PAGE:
We have shown that Ric-8A catalyzes nucleotde exchange by inducing large conformational changes within G alpha, possibly by inducing local unfolding at the nucleotide binding site and in surrounding elements of secondary structure.  In analogy to the action of GPCRs,  Ric-8A also induces separation of the two major domains of G alpha.   We have employed a variety of biophysical methods to characterize Ric-8A-induced structural changes in G alpha, including scanning calorimetry, Double Electron-Electron spectroscopy (in collaboration with Wayne Hubbell's laboratory at UCLA), Hydrogen-Deuterium Mass Spectrometry (in collaboration with Brian Bothner's group at Montana State University), single molecule flourescence spectoscopy (with Sandy Ross at UM), and most recently using camelid nanobodies as functional and structural probes (in collaboration with Jan Staeyert's laboratory at VIB, the Netherlands).  We make extensive use of site-directed mutagenesis, in conjunction with enzymological methods to understand the mechanism of Ric-8A action.   Our laboratory studies other aspects of G protein function, as described in our publications, as well as the mechanism of adenylyl cyclase regulation.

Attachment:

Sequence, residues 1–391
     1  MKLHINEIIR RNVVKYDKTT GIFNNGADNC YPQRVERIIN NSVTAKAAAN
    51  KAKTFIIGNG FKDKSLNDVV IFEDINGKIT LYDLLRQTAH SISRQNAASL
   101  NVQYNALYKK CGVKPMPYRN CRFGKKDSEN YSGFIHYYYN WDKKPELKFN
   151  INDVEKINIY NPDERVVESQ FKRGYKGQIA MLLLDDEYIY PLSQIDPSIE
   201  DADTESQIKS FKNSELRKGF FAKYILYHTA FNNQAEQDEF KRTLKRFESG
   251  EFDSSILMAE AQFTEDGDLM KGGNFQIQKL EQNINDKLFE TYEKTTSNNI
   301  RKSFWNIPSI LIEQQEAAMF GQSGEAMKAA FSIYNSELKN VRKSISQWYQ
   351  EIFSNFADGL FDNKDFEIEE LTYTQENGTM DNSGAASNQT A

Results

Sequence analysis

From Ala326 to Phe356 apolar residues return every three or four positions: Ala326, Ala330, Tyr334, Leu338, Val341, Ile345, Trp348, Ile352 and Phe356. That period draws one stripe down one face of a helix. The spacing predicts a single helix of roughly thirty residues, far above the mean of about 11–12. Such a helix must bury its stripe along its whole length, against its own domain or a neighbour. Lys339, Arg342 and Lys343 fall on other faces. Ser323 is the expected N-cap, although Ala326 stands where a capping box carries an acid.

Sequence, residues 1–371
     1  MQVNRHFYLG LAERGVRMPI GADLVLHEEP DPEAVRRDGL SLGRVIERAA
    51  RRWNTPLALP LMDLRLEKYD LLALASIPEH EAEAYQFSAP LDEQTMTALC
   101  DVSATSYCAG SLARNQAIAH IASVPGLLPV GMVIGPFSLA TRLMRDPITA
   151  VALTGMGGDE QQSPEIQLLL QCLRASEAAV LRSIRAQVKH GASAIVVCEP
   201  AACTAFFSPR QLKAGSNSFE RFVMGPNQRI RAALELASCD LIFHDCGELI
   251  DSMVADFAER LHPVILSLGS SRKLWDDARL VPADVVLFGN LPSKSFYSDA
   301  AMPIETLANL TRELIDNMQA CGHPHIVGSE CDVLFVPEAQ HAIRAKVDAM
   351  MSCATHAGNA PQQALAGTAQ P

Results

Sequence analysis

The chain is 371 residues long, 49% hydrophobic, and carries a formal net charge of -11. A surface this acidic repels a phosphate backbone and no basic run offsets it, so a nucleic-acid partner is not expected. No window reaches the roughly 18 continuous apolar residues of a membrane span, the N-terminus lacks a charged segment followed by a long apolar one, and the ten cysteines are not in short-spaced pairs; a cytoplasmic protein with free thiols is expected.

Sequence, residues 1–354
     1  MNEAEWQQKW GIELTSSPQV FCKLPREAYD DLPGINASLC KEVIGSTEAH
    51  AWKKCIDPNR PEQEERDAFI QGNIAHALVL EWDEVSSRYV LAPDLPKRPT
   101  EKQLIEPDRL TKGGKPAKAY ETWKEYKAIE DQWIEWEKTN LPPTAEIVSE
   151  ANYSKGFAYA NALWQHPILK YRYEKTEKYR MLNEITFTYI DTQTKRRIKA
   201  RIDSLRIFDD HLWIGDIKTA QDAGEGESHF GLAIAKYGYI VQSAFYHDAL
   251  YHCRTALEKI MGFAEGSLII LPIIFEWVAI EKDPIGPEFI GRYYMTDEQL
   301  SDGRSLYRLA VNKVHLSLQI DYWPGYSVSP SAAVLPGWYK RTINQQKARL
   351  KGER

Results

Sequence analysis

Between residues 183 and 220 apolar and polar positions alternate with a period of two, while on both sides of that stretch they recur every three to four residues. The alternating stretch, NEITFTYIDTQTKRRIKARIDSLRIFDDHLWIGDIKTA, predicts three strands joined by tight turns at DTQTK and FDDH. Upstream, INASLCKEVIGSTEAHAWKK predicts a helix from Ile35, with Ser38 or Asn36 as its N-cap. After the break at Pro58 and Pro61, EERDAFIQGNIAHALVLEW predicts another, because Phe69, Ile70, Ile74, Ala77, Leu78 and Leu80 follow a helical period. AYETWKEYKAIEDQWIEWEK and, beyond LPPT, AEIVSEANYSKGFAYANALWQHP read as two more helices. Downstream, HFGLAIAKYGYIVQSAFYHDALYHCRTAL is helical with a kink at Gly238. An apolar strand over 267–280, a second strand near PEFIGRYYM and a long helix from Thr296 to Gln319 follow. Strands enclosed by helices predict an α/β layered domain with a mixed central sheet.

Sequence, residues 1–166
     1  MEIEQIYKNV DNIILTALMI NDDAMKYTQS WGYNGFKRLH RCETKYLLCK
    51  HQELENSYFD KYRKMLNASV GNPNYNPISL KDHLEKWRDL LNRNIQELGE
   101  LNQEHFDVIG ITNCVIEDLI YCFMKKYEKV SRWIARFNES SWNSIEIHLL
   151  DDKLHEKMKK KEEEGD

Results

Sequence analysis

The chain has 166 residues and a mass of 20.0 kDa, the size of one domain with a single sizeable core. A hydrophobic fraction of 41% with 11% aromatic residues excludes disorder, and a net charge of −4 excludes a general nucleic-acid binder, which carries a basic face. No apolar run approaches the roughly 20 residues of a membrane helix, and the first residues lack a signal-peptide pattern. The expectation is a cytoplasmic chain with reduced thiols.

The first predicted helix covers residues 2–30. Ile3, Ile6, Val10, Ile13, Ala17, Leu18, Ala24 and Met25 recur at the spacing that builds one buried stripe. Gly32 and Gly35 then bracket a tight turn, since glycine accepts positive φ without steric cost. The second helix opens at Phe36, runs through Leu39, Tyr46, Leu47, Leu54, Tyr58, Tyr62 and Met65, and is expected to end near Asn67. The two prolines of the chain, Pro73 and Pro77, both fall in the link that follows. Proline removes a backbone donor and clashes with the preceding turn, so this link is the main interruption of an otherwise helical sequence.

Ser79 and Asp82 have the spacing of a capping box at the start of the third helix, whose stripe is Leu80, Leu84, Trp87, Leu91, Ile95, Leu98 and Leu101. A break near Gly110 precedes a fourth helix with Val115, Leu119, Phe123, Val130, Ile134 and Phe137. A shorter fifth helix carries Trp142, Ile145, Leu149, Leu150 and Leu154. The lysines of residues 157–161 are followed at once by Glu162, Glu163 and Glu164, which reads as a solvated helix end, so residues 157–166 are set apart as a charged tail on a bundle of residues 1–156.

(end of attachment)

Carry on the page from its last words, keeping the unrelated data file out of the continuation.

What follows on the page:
Our work is funded by grants from the National Institutes of Health (R01GM105993)

Selected Publications

Van Eps N, Thomas CJ, Hubbell WL, Sprang SR. (2015) "The guanine nucleotide exchange factor Ric-8A induces domain separation and Ras domain plasticity in Galphai1" Proc Natl Acad Sci U S A. 2015 Feb 3;112(5):1404-9. doi: 10.1073/pnas.1423878112. Epub 2015 Jan 20.

Chan P, Thomas CJ, Sprang SR, Tall GG. (2013) Molecular chaperoning function of Ric-8A is to fold nascent heterotrimeric G protein alpha subunits". Proc Natl Acad Sci U S A. 2013 Mar 5;110(10):3794-9. doi: 10.1073/pnas.1220943110. Epub 2013 Feb 19.PMID:23431197[PubMed - indexed for MEDLINE] Free PMC Article